Because research into PPI itself is not given high priority, it is not clear what effective PPI or co-production research processes look like, nor how to develop and maintain such a process over time. It has also been hard to find a place to publish PPI methodology. Research Involvement and Engagement is a new interdisciplinary, health and social care gold open access journal focusing on patient and wider involvement and engagement in research which is co-produced by key stakeholders, including patients, academics, policy makers and service users. Research for All is a new open access journal focusing on research that involves universities and communities, services or industries working together. Such journals are platforms for articles that may contribute to the evidence base for involvement and engagement. It remains to be seen whether they will replicate or depart from the ongoing problems for open access journals, not least the challenge of securing the funds to publish in them. Some veterans of the campaign to integrate citizen involvement in health research view the idea of separate PPI journals as a potentially retrograde step.
Citizen science can be spontaneous, invited or sponsored, with citizens engaging as compliant data gatherers, sources of data or legitimization, or as user-leaders who are makers and challengers of theory.5 The changing role of the scientific journal is an important part of the social and political context of health care knowledge production and broader cultural conversations and contestations about health equity, democracy and the rights and responsibilities of citizenship.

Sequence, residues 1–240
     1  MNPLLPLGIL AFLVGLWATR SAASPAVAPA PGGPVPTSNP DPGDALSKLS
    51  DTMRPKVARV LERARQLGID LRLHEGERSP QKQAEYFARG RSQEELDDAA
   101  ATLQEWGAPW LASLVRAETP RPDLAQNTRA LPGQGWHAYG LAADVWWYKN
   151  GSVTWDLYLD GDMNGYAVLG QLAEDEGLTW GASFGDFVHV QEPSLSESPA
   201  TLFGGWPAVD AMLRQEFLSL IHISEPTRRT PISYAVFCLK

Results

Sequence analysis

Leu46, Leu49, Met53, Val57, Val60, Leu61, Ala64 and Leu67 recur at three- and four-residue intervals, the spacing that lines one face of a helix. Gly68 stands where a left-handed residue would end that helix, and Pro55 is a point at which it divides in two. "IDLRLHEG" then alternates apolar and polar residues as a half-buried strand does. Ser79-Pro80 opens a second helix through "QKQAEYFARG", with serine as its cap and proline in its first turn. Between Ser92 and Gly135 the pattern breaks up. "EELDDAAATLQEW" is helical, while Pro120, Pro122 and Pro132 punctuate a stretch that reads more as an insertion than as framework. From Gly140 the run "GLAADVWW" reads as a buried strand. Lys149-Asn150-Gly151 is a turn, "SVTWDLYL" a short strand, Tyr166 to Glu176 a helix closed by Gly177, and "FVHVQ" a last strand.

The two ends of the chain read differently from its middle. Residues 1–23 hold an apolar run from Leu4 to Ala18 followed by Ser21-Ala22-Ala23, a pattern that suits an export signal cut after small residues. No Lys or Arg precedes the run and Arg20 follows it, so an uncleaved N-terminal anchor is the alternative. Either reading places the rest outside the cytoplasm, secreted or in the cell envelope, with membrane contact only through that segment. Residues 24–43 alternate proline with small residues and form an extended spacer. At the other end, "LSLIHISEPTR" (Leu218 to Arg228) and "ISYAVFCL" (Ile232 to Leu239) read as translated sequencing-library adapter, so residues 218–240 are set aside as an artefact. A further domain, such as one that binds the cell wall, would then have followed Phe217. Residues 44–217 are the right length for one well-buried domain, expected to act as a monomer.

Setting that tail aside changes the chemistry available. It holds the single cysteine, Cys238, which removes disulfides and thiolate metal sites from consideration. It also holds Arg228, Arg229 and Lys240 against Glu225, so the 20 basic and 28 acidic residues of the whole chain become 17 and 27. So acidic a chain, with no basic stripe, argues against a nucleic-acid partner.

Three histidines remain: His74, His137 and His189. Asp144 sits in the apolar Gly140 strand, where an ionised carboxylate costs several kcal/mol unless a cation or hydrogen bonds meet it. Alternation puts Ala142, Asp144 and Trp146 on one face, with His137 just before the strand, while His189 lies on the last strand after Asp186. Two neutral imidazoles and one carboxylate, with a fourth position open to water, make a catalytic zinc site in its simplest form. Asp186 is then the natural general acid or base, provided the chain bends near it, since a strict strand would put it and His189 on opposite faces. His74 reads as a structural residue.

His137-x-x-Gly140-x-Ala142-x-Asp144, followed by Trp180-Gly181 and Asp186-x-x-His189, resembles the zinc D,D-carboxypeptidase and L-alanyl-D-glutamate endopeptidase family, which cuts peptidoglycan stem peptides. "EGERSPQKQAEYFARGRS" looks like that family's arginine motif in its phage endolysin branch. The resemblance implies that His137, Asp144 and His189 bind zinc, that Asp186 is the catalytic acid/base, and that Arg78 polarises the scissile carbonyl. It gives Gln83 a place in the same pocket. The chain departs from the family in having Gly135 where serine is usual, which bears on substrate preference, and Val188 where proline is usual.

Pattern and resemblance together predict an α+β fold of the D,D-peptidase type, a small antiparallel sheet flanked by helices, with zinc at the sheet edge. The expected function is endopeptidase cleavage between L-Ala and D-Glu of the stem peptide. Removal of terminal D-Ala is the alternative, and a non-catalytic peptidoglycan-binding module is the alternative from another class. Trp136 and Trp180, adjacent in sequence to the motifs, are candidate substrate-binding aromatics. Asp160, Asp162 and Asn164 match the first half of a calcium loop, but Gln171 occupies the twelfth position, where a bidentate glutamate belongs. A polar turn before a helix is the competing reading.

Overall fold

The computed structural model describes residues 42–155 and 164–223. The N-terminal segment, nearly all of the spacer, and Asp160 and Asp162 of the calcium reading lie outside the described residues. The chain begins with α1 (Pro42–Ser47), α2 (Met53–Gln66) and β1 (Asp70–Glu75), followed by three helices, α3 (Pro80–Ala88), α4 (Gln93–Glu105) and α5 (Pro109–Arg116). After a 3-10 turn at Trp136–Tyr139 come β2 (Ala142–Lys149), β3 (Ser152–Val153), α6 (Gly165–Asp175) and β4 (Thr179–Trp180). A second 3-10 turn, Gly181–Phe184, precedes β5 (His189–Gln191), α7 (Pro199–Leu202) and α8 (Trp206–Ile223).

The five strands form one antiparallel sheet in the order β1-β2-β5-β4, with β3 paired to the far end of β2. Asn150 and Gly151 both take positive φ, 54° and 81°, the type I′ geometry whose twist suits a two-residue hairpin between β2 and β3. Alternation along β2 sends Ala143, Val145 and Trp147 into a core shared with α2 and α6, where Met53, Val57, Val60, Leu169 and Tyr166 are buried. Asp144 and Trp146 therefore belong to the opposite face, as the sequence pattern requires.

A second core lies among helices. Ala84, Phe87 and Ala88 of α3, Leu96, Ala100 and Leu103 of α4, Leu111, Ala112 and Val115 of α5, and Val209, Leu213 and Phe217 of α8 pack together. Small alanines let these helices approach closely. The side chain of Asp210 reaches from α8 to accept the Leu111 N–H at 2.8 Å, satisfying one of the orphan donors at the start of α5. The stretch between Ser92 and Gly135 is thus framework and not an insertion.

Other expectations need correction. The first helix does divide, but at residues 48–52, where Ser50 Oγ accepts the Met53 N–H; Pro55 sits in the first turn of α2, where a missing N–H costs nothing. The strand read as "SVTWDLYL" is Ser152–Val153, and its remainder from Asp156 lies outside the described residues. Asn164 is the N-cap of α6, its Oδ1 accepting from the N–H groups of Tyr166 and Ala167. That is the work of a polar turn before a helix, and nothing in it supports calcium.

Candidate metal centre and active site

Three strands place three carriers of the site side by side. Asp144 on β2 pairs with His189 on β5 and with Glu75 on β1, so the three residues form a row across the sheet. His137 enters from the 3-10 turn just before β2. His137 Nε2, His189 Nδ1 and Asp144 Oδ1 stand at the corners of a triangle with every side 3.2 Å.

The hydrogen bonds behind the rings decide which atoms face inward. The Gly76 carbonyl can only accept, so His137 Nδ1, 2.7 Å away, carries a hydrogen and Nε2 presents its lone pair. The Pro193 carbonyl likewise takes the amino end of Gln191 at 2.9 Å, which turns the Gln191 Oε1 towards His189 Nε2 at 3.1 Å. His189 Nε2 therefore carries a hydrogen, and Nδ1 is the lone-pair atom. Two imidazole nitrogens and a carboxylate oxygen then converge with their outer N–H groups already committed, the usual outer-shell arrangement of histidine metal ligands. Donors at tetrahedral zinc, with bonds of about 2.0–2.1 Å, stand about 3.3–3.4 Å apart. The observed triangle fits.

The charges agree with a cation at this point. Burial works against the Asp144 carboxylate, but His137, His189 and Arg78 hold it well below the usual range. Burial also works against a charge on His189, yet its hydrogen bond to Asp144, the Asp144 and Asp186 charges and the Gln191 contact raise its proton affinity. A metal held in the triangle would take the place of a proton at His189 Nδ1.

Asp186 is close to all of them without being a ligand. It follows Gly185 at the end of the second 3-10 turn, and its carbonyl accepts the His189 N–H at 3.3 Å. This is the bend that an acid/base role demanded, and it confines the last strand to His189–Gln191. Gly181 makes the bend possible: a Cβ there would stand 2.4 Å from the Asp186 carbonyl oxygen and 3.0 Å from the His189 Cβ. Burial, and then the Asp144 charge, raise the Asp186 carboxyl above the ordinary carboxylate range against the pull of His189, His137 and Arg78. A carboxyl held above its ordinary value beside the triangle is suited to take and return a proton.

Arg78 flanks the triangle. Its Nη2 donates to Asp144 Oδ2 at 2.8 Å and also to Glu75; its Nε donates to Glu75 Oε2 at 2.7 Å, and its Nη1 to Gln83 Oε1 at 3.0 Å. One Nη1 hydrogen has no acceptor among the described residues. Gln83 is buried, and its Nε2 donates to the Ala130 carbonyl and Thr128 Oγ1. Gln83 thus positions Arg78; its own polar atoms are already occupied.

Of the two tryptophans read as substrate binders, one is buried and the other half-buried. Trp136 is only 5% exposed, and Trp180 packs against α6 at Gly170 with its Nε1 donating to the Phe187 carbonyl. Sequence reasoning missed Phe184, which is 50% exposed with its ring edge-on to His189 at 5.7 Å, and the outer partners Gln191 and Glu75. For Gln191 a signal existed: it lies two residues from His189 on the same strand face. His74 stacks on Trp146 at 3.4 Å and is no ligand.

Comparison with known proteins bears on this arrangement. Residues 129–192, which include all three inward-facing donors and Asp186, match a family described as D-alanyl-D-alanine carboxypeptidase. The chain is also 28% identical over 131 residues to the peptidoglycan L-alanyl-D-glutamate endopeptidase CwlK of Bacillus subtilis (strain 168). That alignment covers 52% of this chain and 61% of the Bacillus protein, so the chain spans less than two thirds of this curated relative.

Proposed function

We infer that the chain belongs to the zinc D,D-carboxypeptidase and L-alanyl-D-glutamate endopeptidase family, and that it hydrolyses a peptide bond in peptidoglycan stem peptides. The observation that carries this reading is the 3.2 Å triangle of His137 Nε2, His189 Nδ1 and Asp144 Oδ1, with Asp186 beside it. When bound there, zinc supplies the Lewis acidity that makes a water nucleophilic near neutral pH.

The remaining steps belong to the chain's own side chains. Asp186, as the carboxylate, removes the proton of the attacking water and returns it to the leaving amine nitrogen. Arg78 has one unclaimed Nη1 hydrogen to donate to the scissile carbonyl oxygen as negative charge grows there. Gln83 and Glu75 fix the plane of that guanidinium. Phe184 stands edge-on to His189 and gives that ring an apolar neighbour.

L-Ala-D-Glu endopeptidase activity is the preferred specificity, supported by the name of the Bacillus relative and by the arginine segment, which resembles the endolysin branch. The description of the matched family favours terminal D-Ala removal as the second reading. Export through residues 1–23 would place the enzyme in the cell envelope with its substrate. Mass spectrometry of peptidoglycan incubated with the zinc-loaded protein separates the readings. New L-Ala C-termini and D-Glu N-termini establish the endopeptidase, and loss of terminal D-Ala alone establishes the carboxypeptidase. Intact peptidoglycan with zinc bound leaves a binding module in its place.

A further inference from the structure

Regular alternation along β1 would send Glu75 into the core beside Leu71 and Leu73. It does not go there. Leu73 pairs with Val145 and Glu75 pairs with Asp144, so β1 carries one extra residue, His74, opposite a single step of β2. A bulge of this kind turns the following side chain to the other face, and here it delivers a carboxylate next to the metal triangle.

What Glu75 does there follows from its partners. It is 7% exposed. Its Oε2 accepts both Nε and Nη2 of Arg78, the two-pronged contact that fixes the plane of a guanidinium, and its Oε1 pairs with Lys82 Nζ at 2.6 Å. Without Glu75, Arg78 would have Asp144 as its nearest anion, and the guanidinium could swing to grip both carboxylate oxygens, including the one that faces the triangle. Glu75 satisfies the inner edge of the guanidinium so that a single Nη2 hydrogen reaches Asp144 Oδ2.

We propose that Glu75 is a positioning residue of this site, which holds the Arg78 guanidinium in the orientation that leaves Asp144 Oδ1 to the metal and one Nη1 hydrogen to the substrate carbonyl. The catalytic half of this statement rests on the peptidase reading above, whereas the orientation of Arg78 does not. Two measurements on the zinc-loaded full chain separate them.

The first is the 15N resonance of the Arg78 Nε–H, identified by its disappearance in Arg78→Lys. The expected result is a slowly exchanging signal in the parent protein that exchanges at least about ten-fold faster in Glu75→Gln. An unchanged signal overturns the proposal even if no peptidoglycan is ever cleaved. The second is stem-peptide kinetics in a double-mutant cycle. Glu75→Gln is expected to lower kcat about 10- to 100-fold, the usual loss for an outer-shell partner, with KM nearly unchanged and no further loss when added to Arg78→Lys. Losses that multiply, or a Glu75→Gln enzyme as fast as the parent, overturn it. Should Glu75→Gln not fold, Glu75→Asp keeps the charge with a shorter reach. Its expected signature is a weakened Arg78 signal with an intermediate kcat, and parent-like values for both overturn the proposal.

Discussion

↵1 J. P. A. Ioannidis, ‘Why most published research findings are false’, PLoS Med 2, e124 (2005).
↵2 S. B. Soumerai, D. Starr and S. R. Majumdar, ‘How do you know which health care effectiveness research you can trust? A guide to study design for the perplexed’, Prev. Chronic Dis. 12, 150–187 (2015).
↵3 S. Crowe, M. Fenton, M. Hall et al., ‘Patients’, clinicians' and the research communities' priorities for treatment research: there is an important mismatch', Research Involvement and Engagement 1, 2 (2015), https://researchinvolvement.biomedcentral.com/articles/10.1186/s40900-015-0003-x (accessed on 15 July 2016).
↵4 K. Staley, Exploring impact: public involvement in NHS, public health and social care research (INVOLVE, Eastleigh, 2009).
↵5 P. Wehling, W. Viehöver and S. Koenen (eds), The public shaping of medical research: patient associations, health movements and biomedicine (Routledge, London, 2015).
- © 2016 The Authors.
Published by the Royal Society under the terms of the Creative Commons Attribution License http://creativecommons.org/licenses/by/4.0/, which permits unrestricted use, provided the original author and source are credited.